Gordon Gustafson, chief commercial officer and vice president of integrated solutions for ADS Logistics, led the development of a metals supply chain software system called LoMaS.
Using electronic data interchange (EDI), an auto manufacturer orders a steel coil from a steel mill. The mill receives the purchase order and sends a release order to a warehouse. The warehouse sends a load tender to a carrier. The carrier picks the coil up from the warehouse and is en route to the manufacturer.
In the midst of all these transactions, one step is missing. When the carrier arrives, the manufacturer turns away the load. The steel mill hasn’t sent the manufacturer an advance arrival notice. As a result, the driver returns to his terminal, having lost precious time and money.
Several years ago, this problem occurred far too often for Homewood, Ill.-based truckload metals hauler Area Transportation. Solving the problem would require more than a simple fix. The problem stemmed from how information was moved and managed in the metals supply chain.
Fast forward to 2007. Today, a material manager for an auto manufacturer goes online to a “virtual” warehouse of metals products to check his inventory of steel coils. The manager clicks on the pieces he needs and selects a ship-to destination. Immediately, his receiving department is notified the shipment is on its way, and when it will arrive.
The Web-based system generates a work order and documentation for the mill’s warehouse – the pieces to be picked up and the truck to ship them on. Meanwhile, a manager at Area Transportation uses the same software to finalize the building and routing of the load.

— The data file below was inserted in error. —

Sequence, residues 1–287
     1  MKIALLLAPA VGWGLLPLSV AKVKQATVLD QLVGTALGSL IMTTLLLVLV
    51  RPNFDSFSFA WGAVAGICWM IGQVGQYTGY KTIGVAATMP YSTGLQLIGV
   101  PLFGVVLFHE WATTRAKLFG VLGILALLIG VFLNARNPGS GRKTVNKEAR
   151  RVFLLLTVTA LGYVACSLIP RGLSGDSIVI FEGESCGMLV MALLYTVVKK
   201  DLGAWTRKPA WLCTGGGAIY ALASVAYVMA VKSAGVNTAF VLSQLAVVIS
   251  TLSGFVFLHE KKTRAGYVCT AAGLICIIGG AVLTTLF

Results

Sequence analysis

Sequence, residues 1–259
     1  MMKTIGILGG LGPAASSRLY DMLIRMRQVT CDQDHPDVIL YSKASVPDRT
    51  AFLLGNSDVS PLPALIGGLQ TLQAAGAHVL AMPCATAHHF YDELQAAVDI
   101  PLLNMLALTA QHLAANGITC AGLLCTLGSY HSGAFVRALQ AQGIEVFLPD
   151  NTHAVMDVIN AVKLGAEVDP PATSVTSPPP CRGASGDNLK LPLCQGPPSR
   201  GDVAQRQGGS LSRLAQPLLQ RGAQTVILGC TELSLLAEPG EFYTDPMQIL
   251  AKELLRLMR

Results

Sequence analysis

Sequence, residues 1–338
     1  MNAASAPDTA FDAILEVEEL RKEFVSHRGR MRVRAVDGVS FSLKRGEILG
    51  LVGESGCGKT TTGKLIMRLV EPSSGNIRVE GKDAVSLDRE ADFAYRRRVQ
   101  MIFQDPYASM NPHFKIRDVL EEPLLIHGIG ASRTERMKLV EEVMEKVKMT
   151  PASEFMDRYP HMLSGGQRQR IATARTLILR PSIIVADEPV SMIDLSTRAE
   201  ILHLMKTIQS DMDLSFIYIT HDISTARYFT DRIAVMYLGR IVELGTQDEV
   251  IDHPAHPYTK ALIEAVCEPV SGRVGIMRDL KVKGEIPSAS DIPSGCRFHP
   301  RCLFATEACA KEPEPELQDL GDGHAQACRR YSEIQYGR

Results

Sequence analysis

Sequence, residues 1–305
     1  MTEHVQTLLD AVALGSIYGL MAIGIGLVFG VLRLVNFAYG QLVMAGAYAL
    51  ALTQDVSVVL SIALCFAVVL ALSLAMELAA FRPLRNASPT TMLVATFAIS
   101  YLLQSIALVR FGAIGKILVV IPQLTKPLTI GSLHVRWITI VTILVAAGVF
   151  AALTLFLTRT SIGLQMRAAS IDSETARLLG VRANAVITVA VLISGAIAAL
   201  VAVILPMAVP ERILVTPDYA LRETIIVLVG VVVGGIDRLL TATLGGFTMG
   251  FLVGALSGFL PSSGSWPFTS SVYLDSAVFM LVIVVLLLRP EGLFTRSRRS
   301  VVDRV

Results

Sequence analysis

Once the shipment is delivered, proof-of-delivery documentation from the carrier is attached automatically to the online shipping records for the mill and manufacturer. Area Transportation then finalizes its billing and driver settlements.
An outgrowth of Y2K
The software that streamlines this transaction for Area Transportation is part of a supply chain and transportation management software (TMS) system called LoMaS – developed by Area Transportation’s parent company, ADS Logistics. Area Transportation is ADS Logistics’ trucking division and largest revenue center with its operation of 200 company trucks and 300 owner-operator trucks. ADS Logistics’ overall business is the supply chain management of metal products.